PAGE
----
According to a recent report by PwC, one in five employees indicates they are likely to switch jobs in the next 12 months, with another 35% of respondents planning to ask their employers for more money during the same period. Knowing this, leaders are charged with providing and offering the best working conditions and benefits packages to attract and retain talent.
To do so, employers should make sure they are creating and promoting a culture of well-being, facilitating open communication, and reevaluating processes and technology. This can help ensure employees are receiving personalized service and understand that they are appreciated and valued within the organization, which can ultimately lead them to become more satisfied in their roles.
Create And Promote A Culture Of Well-Being
Historically, companies have promoted wellness in the workplace as a part of their health insurance benefits. Employees today are more attuned to their holistic well-being and the stress that comes from any job. This means employees and prospective new hires are paying closer attention to the role of the job and the impact that potential stress of the role may have on their life. Employees are asking, “Is employee well-being truly part of your work culture?”
True well-being is an inner state of mind that can be characterized as feelings of strong emotion; a key subset of well-being is happiness. Rather than being an objective measure of wealth or other resources, overall well-being is a subjective measure that can be determined through an employee responding to surveys about how they are feeling about work and the workplace culture.
Facilitate Open Communication
Employers must create environments that facilitate open communication for employees who work at the office, at home or via a hybrid version of these situations. Each of these audiences works differently, feels stress differently and should be addressed differently. For example, company benefits and HR services tend to be an area of confusion for employees and their families. This confusion can lead to added stress if employees feel uncertain about how to inquire and enroll in specific benefit programs or what benefits they have and how to use them. Open communication requires easing the two-way, one-to-one communication journey between the employer and the employee so their concerns can be addressed. This opens up pathways to reach benefits providers more easily and quickly.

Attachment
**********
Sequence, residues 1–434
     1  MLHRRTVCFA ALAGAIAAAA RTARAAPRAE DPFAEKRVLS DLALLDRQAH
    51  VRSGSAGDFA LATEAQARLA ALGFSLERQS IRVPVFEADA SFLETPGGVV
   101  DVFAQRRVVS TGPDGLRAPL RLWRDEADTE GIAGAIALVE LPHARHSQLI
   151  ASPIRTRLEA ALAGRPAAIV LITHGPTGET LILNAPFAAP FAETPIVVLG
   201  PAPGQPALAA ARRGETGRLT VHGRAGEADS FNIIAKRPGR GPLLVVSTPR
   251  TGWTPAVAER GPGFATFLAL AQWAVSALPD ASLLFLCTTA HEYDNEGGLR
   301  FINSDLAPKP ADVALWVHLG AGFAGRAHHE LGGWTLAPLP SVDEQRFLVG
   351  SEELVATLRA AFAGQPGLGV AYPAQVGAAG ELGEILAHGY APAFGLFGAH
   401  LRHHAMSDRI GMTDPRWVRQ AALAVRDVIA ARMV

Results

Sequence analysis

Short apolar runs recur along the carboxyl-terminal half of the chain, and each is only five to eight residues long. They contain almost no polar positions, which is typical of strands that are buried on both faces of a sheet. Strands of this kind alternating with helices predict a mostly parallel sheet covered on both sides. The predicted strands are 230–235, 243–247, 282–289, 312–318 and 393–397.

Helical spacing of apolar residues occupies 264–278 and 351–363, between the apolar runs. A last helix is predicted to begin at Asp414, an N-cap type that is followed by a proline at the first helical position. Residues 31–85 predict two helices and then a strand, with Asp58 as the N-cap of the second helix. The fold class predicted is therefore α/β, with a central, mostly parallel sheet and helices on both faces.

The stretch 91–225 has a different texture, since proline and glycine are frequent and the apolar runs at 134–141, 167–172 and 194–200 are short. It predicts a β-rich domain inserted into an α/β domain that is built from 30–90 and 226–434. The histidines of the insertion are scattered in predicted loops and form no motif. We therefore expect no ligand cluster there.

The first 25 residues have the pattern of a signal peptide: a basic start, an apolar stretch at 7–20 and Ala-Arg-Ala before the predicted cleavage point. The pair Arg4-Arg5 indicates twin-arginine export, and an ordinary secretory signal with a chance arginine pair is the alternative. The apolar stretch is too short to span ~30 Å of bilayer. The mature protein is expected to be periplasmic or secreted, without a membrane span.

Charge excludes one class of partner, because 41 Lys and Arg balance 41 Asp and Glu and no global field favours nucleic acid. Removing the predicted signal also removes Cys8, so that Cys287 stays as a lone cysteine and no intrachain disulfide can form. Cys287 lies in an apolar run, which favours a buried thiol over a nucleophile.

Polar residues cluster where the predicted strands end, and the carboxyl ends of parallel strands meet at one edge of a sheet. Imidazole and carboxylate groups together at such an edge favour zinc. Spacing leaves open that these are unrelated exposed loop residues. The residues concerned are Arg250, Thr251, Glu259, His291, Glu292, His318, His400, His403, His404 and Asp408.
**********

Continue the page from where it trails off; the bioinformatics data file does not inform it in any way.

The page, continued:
Additionally, employers are working with a wide range of age groups and varying backgrounds. Open, personalized communication is critical. This enables employers to address a multigenerational workforce and craft specific messages for Baby Boomers, Millennials and Gen Z, or, for instance, individuals with specific needs (e.g., based on socio-economic, disability or chronic conditions).
Reevaluate Your Resources And Tech
Understanding the need to create a culture of wellness and facilitating open communication requires reevaluating your current processes and tech to see if they’re still meeting this demand. HR leaders of an organization should push timely information and content to individual employees, specific groups or the entire company to drive participation in key programs. Aggregate all employee-facing HR, benefits, communications, wellness and healthcare services into a unified interactive dashboard and experience. Employees have grown more accustomed to digital experiences in their daily lives; they should be able to leverage technology to get the most out of their benefits, too.
As employers continue to evaluate how to best attract and retain qualified employees, investing in and integrating the right process and technology is going to continue to be critical.
Employers have quite a bit of work ahead of them to demonstrate that they care for their employees. But as they explore solutions, they must create and promote a culture of well-being—one that facilitates open communication to better help sustain happy, supported employees.
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